Thinking about it, or even using the wing setter, just to observe, may result in even more lessons, which, we would appreciate being posted for the rest of us.   Oh, and I have never used one of these on any fly I have posted here.

-Peter



#34 Dale A. Darling

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Posted 03 January 2013 - 05:51 PM

John,

 

Good post; looks like you're a crafty fellow.

 

Peter's comment goes very well - thanks for that!

 

Everyone begins; there's probably not much value in never other than where virtue and morality are involved.

 

So press on, John; give the setter a go and do post the results. I've always thought there are others at about the same point in skill and emotional sensitivity; so post to encourage them, learn from instructive, objective, useful responses and ignore the rest.

 

Best wishes,

Dale


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#35 SC Fly Tyer

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Posted 03 January 2013 - 07:10 PM

Chris, Peter, and Dale -

Thanks for the comments and input. I clearly overreacted to some input ... I'll take responsibility for that.

I have already learned a lot by playing with the wing setter, but Peter's post is very helpful and makes perfect sense. I have an engineering background and the downward pressure comment very much improves my ability to visualize a good wing set ... horizontal pressure will tear the wing apart. Aha! I imagine that the wing setter will find its way into a drawer in pretty short order when I get a better handle on the nuances of thread control, wax application, etc.

As for crafty, I am a newbie there as well. When I converted our formal living room into my tying room last January, my lovely bride had only one restriction ... don't let it become workshop like. There's no door, so she didn't want stacks of plastic storage bins piled from floor to ceiling. So, I have made several pieces of 'furniture' for storage, etc. This includes lots of wood storage devices for tools, bobbins, glue, etc.

Thanks again for the input an encouragement. I will keep at it and show progress, but the talent exhibited on the Board is intimidating. People post flies they 'are not happy with' that look flawless to a newbie like me. Maybe, a new forum for us beginners?

John

#36 bobfly

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Posted 03 January 2013 - 08:18 PM

A small request for a couple of members with problems with their hands certainly created some interest and not all constructive unfortunately. Any way thanks for all the input  a couple of gents have something to work on

Cheers



#37 FranceFly

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Posted 03 January 2013 - 08:56 PM

Using or not a wing setter, the most important from all the comments is what Dave and Peter said : Practice and observe is the key to learn ...

And Bob, this post was really interesting !!!! (I know some tiers which have problem with their hands/fingers and will be happy to have this solution to continue tying classic salmon flies ...)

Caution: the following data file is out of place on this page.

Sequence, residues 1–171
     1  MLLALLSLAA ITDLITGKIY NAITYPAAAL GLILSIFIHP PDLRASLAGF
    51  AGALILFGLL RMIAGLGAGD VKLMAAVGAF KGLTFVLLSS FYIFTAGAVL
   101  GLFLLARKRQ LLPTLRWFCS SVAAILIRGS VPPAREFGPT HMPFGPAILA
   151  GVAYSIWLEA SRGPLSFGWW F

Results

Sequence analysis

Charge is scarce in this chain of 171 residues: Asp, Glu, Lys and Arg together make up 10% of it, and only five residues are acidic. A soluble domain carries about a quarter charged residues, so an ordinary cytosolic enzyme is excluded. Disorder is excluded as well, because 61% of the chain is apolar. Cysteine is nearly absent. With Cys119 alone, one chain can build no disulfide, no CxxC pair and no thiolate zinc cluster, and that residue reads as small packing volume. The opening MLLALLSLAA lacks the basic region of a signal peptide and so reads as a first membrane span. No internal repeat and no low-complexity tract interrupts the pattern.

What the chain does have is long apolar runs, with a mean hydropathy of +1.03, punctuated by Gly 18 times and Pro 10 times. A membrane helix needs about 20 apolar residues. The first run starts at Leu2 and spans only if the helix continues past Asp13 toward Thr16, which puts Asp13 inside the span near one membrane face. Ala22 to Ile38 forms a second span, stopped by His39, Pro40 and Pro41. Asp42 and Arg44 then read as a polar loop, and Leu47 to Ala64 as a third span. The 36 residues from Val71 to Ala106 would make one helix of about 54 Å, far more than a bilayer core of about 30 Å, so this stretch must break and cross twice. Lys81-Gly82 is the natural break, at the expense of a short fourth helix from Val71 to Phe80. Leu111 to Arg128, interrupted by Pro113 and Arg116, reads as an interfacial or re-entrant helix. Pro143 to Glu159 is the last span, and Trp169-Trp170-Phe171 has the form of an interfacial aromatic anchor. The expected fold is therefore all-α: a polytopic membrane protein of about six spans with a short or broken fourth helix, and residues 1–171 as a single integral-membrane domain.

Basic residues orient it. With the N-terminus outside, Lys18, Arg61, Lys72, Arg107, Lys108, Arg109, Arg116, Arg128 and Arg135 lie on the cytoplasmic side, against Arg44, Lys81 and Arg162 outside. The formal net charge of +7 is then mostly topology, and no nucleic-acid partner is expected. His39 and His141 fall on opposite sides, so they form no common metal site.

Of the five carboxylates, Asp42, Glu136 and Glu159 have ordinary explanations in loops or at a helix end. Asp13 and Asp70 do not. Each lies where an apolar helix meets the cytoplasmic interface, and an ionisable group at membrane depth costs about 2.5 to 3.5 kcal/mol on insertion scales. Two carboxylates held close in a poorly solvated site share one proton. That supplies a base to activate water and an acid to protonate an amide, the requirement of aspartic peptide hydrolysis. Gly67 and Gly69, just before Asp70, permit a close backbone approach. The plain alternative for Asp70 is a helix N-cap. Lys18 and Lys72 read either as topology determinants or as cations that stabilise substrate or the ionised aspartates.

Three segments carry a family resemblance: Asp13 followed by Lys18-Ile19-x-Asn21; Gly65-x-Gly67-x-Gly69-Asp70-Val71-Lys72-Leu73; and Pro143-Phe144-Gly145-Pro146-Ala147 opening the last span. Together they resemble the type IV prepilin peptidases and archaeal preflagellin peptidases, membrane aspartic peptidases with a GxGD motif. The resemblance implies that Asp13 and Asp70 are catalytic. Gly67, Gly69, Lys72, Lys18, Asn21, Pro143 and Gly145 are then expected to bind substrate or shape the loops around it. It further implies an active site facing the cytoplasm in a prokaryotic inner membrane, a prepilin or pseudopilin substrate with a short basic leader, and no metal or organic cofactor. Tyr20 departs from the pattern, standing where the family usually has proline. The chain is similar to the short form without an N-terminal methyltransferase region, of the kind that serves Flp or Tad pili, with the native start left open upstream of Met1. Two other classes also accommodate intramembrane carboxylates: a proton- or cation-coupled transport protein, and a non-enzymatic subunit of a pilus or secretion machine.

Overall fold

All the very best,

Bruno 



#38 JPS

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Posted 07 January 2013 - 06:54 AM

Just thought i would throw my hat into the ring I am as passionate about classic flyyting as any member here on this forum and can see both sides to this debate. However I do agree with DC if you learn this technique of collapsing the wing in hand as per Nolte, Little, DC and Peter Dunne  and others..It is using partly the same principle as the wing setter letting the weight of the bobbin aid in the collapse of the wing .  I myself, like many others struggled for a long time with setting the wing until Paul Little showed me this way. This technique is by far the best way to mount a wing if perfected.  No wing slip or rotation and that as we all know comes with a great deal of Practice. keep going, ask for help , its there when you want it . welcome to the forum John.

regards John



#39 keithciesla

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Posted 07 January 2013 - 06:03 PM

I agree John.

 

Keith



#40 SC Fly Tyer

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Posted 07 January 2013 - 10:42 PM

Well, I am big enough (figuratively and literally!) and have acquired enough of a 'taste for crow' over my lifetime, to admit when I am wrong. After a few days of playing around, I have found the wing setter to be helpful, but limited. Further, I can now see how it may ingrain some 'bad habits' that may be limiting (kind of like my use of the 'belly putter' on the golf course --- allows me to be mediocre without having to practice!). While it may be acceptable for my golf, it's not where I want to be. With my tying The wing setter has helped me in getting a handle on fly proportions by allowing me to put a wing somewhat in place and look at it. Beyond that, I haven't found it to be a panacea. I have spent a lot of time at the end of my vacation -- back at work now -- rereading Radencich and several other references (including a lot of posts on this forum). Further, I have received a lot of help from Forum members for which I am extremely grateful. As I posted on another thread, I am taking a step back to focus on bodies, tags, and tails while I await some additional winging materials. Thanks to all for input and dialog. This forum really is a unique place.